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April 10, 1998     Cape Gazette
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April 10, 1998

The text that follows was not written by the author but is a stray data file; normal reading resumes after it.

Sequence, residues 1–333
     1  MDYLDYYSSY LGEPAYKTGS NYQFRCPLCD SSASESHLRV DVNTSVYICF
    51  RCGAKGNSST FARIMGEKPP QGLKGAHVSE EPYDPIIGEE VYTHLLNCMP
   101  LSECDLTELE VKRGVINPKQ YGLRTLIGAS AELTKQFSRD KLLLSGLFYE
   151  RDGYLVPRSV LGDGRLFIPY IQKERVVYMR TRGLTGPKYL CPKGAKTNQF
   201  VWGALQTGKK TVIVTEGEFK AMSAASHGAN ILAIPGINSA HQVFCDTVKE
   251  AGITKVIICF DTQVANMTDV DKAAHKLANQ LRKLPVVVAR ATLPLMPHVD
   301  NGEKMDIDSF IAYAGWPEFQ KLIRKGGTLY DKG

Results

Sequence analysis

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CAPE GAZET3, Friday. Apmil 10 --dm, il.1,,199,- 48 Part II: Preventing HIV/AIDS - tea 1 t thq. youth "The pattern of infection among American youth is consistent with the evolving global epidemic." - Jonathan Marm and Daniel Tarantola, "AIDS in the World II" By Sean C. Venable If our primary task in prevent- ing HIV/AIDS is to change our risky behavior by changing our thinking, then we need some way to look at our thinking. What are the messages or "scripts" that un- dergird and contribute to the con- tinuation, if not escalation, of the AIDS epidem- ic? And if our scripts are faulty, then how do we go about a change? One place to look is our youth. VENABLE As a group, our adolescents can be important to our under- standing of how we think, behave and perceive in this culture. They mirror us more than we'd proba- bly like to admit, and they are the ones who carry the scripts from one generation to the next. According to Mann and Taran- tola, "experimentation and risk- taking are fundamental aspects of adolescence" and those behaviors make our young vulnerable to peer pressure. Other outside forces that support risky behavior inlcude the dangerous messages of media ads relative 'to health promotion: explore? risk! experi- ment? be attractive! According to Raphael Diaz in "Latino Gay Men and HIV," Lati- no culture represents 38 percent of the general American population. The culture supports many socio- cultural factors that negatively af- fect men and their ability to pro- tect themselves from HIV, includ- ing, but not limited to machismo, homophobia, family loyalty, smooth or non-confrontational re- lationships - "simpatica" - and fa- talism. Simply put, we tell our youth THE KNITTY GRITTY 240 Rehoboth Ave. 226-05oo Tues - Sat. 10-4 Fitness Tip ot' the Vfeek How does exercise reduce weight and fat? It increases the total daily ener- gy expenditure. It enhances body fat mobiliza- tion and maintenance of lean body mass. It reduces upper body and ab- dominal visceral fat. It increases the rate and amount of fat metabolized. It reduces the mortality rate in obese persons. Submitted by Robert Cairo, licensed physical therapist, Tidewater Physical Therapy, 945-511 I. liiiii00ii!iizii!00!i iii0000iii00 i ii! i!i!iii!!ii!iiiii!i!i!i!!J!!i!!!!i!i!i!iii!!!j!!i!!!!!!!iii!ii!i!!iiiii!i!i!iii#!ii!!i!iiii!!iiii!ii!iZ!i!iii!ii!iiiiiiiiiiiiii!i!i!i!!ii!i!!iiyii!iiii!iiii!i!i!iiii!!iiiii!iiiiiiiiii!iiiiii!i!iii!iiiiiiiiiiiii!iiiii!i what is sexy and attractive, what is not acceptable and essentially what sex should look like. Re- member name-calling? Although it is pretty disgusting, name-calling is the most overt manifestation of the rules that we use to limit, to the exclusion of all other possibilities, gender roles and standards in our society. Consider terms such as "stud," "fag," "virgin" and "slut." For ex- ample, a lack of sexual prowess makes someone a fag; knowing and talking about sex makes someone a slut. Any other possibilities are neg- atively cast and seem to be what we're afraid of - things that we suspect might be true about our- selves. Here's where homophobia rears its ugly head: these gender-script- ed ideals of sexual desirability and prowess are reinforced by peer pressure and other outside forces. Peer pressure cannot be dis- counted by reinforcing sexually scripted notions, such as "taking risks means that you are proving your love"; "one must get and keep a partner, because a parmer equals or measures your desirabil- ity and worth"; and "bringing up safer sex practices equals a lack of trust." But sexual scripts are not just a set of extemal forces like name- calling or peer pressure; they are a way of thinking, seeing the word, seeing our role in that world that is socially constructed and then internalizing it. Somera and Lamb, who au- thored "Breakin' Down Sexual Scripts: Empowering Youth in HIV Prevention Education," not- ed the following: "Fish can't describe the water it swims in; so why do we assume i;!ii The American Heart Association is offering free blood-pressure screenings in April. Screenings are as follows: Wednesday, April 15 Nanticoke Crossing Edgehill, 1:30 to 4 p.m. Tuesday, April 21 Rehoboth Edgehill, l0 a.m. to l p.m. Lewes Edgehill, 1:30 to 4:30 p.m. Christiana Care Visiting Nurse Association will offer free blood- pressure screenings as follows: Tuesday, April 14 Cape Henlopen Senior Center, l0 a.m. to noon Wednesday, April 15 Indian River Senior Center, l0 a.m. to 12:30 p.m. Tuesday, April 21 Long Neck AARP Chapter 4903, Crab Barn, I l a.m. to 2 p.m. our scripts are 'normal and natur- al?' Being critical of scripts em- powers people to behave in un- scripted ways. Lacking the free- dom to make sexual choices keeps us from protecting ourselves, which leads to risky behavior and situations." The fact is that socially con- structed and internalized scripts - gender roles and acts, activities, rules, rituals - can be and need to be changed. For a moment, let's take a look at the alternative to changing the scripts for the HIV-infected young person. Chris Collins, who au- thored "Dangerous Inhibitions: How America Is Letting AIDS Become an Epidemic of the Young," stated that the youth who are at the greatest risk of HIV in- fection include the abused; boys who have sex with boys, whether they are identified as gay or not; young women; people of color; poor people; the homeless; and runaways. A complete selection of quality-made hospital-type home care beds and accessories is available at Edgecare "1' haeludlz both manual and electric beds, side rails, trapeze bars and overbed tables. CALLUS... WE WILL BE GLAD TO HELP. EDGEHILL PHARMACY Peddlers' Village Lewes, Del. 945-5066 The young person who is HIV- positive faces problems of racism, homophobia, sexism and poverty. These are deeply personal experi- ences that affect self-esteem, abil- ity to talk about sex openly and confidence to insist on personal protection. Young people on the street are especially vulnerable, because they lack fundamental se- curity and often are forced to trade sex for money and shelter. According to Mann and Tarna- tola, "Although HIV risk is an in- dividual problem, being HIV-POs- itive is not an individual 'prob- lem' or 'sickness.' Rather, it is an unlucky manifestation of a sick culture. Living in this culture, we are all vulnerable; we have all been affected. Until we change our culture, we will all continue to have the sickness, even if not all of us have gotten the virus yet." A Possible Solution: Customized Prevention Groups So, how do we prevent HIV/AIDS in our adolescents and in our culture as a whole? How, in the long run, do we change our thinking and our risky behavior? I advocate an early, peer-orient- ed, customized intervention in group environments that address the following educational con- cepts: HIV pathology and the risks of HIV infection Continued on page 44 Show 'era you LOVE-era... COME IN FOR MORE INFORMATION OR A FREE CATALOG.